Sonthi and other junta leaders flew to Chiang Mai on an Air Force C-130 on 3 November 2006 to visit a prominent fortune-teller and perform a religious ceremony to ward off bad luck over their staging of the coup. The fortune teller, Varin Buaviratlert, had been Sonthi's long-time personal fortune-teller, and had foretold Sonthi's rise to become Army Commander.[33] Amid falling popularity, Sonthi sent his wife and several CNS leaders to visit her on 1 April 2007.[34]

Sonthi completely purged the military of all senior officers perceived as loyal to the Thaksin government, replacing them with officers that he personally trusted.[35][36]

Permanent constitution

In December 2006, junta chief Sonthi Boonyaratglin issued several guidelines for the permanent constitution being drafted by the CNS's drafting body. These included:

  • Restricting a Prime Minister to serving a maximum of two terms of office
  • Preventing a government from acting as a caretaker administration after dissolving Parliament.
  • Making it easier to launch a no-confidence debate against the Prime Minister. Whereas the 1997 Constitution required 200 out of the House's 500 MPs to launch a no-confidence debate against the Prime Minister, Sonthi demanded that 100 MPs be sufficient.

He also made several suggestions, including:

  • Transforming the Senate, from an all-elected body to one with 50% appointed members, to prevent relatives of politicians from being elected and thus perverting the non-partisan intent of the 1997 Constitution.
  • Allowing politicians to switch political parties at any time. The 1997 Constitution required that any candidate for the House belong to a political party for 90 days before the registration date for an election.
  • Banning the merger of political parties.[37]

Sonthi later denied dictating the content for the new constitution, but stated "We can't force them to do things but responsible people will know what the constitution should look like."[38]

He also suggested that the term in office of village heads and kamnan be increased from 5 years to 10 years, while the role of elected tambon administrative organisations be reduced.[39]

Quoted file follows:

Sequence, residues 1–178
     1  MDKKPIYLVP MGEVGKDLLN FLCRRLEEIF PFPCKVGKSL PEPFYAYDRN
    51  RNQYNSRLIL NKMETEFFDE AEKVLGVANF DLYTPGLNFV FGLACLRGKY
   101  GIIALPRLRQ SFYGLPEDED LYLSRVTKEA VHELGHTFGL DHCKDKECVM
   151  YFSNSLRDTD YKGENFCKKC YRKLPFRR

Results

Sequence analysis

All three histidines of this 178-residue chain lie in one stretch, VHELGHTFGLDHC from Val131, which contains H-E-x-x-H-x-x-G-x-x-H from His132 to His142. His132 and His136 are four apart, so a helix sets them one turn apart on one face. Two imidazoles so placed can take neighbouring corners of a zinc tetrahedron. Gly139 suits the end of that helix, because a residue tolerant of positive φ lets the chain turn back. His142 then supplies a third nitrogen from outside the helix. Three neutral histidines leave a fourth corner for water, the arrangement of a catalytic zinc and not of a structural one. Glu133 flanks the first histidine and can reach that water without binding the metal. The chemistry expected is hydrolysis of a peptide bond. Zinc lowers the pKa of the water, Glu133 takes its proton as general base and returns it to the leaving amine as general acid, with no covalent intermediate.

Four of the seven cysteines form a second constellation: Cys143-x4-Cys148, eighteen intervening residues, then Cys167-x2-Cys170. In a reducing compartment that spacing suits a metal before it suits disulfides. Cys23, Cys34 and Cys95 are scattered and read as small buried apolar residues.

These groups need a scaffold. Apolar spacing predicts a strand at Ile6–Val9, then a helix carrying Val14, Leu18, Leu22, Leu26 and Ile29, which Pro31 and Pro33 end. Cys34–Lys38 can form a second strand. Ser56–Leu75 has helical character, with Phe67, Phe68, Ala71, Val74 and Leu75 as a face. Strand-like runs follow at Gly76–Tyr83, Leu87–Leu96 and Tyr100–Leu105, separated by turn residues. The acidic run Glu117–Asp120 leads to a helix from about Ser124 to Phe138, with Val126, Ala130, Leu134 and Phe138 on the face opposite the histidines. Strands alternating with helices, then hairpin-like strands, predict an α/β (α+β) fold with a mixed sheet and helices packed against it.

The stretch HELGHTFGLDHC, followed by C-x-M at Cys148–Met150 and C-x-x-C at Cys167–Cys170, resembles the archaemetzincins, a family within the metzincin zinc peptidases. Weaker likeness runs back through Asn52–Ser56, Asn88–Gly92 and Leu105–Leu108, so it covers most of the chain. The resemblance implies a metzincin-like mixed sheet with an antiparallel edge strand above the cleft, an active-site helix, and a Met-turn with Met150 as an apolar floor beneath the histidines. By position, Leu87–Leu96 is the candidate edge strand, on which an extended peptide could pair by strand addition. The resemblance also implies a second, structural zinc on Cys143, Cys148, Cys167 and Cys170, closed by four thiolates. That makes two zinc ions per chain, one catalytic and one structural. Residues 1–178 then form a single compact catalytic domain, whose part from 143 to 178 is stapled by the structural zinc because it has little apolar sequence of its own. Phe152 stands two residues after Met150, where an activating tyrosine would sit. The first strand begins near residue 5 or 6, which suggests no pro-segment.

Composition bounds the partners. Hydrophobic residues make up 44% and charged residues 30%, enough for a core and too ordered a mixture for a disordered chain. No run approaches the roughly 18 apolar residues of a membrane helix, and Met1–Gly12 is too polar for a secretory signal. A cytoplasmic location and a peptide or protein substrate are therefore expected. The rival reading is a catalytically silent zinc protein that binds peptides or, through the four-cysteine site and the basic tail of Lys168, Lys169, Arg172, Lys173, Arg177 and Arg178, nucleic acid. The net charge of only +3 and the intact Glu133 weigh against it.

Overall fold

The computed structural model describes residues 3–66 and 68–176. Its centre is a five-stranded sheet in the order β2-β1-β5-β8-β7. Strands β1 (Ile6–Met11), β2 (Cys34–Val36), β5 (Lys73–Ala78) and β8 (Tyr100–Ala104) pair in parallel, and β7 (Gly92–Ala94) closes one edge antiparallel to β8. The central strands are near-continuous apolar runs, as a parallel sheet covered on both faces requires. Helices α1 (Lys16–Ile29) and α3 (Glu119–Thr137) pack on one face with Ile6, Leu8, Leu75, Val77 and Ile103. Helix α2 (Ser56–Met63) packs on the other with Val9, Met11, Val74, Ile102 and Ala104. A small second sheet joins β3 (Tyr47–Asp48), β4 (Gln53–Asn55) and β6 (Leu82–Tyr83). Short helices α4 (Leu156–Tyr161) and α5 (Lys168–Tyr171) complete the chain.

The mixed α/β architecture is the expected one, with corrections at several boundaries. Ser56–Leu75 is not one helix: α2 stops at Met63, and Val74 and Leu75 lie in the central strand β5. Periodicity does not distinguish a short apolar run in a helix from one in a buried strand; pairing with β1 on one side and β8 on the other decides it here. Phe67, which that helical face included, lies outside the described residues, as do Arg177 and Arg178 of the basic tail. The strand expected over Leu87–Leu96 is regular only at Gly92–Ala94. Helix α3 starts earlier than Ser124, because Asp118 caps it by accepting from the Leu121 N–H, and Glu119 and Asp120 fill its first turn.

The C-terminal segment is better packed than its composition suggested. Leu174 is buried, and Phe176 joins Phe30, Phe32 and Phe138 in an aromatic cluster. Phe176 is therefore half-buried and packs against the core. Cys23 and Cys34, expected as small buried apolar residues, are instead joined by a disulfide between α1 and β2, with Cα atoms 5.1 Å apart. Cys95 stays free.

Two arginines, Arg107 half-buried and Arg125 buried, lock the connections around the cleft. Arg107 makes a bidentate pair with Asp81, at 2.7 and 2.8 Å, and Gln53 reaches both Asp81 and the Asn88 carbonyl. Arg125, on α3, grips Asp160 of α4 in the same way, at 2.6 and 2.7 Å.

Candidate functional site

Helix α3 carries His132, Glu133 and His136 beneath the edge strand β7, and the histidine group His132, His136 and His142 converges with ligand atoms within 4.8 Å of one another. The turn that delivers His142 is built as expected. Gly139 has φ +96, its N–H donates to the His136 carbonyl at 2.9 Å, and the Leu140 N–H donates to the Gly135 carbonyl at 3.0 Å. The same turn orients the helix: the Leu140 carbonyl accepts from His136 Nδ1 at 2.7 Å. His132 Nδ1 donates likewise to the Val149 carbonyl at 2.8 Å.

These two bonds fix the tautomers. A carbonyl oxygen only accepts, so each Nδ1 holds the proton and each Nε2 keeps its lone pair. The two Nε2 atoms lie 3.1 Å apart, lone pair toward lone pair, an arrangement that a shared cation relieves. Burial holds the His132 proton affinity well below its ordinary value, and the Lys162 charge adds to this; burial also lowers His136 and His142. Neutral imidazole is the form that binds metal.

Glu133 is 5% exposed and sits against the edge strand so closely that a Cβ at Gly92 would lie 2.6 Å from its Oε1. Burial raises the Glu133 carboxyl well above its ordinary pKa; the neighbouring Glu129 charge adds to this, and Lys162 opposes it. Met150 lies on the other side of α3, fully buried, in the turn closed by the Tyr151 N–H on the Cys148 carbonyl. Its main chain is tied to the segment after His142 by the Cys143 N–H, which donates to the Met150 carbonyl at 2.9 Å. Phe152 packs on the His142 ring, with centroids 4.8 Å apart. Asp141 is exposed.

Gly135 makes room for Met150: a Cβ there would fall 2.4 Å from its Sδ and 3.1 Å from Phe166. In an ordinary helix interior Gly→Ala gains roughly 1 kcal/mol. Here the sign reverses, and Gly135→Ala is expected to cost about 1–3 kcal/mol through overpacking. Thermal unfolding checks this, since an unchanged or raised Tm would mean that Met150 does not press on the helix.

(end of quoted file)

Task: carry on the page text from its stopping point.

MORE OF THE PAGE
Relations with Singapore

In 2006, Thaksin Shinawatra sold his shares in telecom firm Shin Corp to Temasek Holdings. The sale also transferred control of Shin Corp's five satellites (including IPSTAR, the world's largest commercial satellite) and mobile phone operator to the Singaporean company. After the coup, Sonthi claimed that Singapore was eavesdropping on confidential mobile telephone calls made by junta leaders. AIS and Shin Satellite, Shin Corp's mobile operator and satellite operator, denied the claim. In February 2007, Sonthi vowed in front of a thousand volunteer territorial defence students to reclaim the satellites and other telecom assets. "Soldiers will not tolerate a loss of territory, not even a square inch," he said, and continued about how it was his specific duty to "retrieve our assets". Sonthi stopped short of threatening to nationalise the telecommunications conglomerate. An opinion poll found more than 78 percent of 1,116 Thais surveyed backed Sonthi's bid to somehow reclaim the satellites.[40][41][42]

Sonthi's deputy in the CNS, General Saprang Kalayanamitr, noted in a February interview that, "if the telecommunication business is in private hands, it won't be safe for the country."[43]

Human rights

Human Rights Watch accused the Thai Army, under Sonthi's command, of "disappearing" ethnic Malay Muslims in the far south in a deliberate attempt to defeat the South Thailand insurgency. "These 'disappearances' appear to be a matter of policy, not simply the work of rogue elements in the security services," said the agency in a report.[44]

Other controversies

Sonthi approved a 12 million baht top-secret budget for a public relations campaign to discredit Thaksin Shinawatra. The request for the money was submitted on 24 January 2007. Chianchuang Kalayanamitr, younger brother of CNS Deputy Secretary-General Saprang Kalayanamitr, was hired as head of the publicity team.[45] Politicians hired as part of the CNS campaign included Chat Pattana party leader Korn Dabbaransi, Democrats Korn Chatikavanij, and Korbsak Sabavasu, Prapat Panya-chatraksa, a key Thai Rak Thai member who defected to the Chat Thai party, plus ex-senator Kraisak Choonhavan. Academics hired by the CNS included Wuttipong Piebjriya-wat, Sophon Supapong, Narong Phet-prasert, and Somkiat Osotspa. However, Sophon denied he had anything to do with the campaign.[46]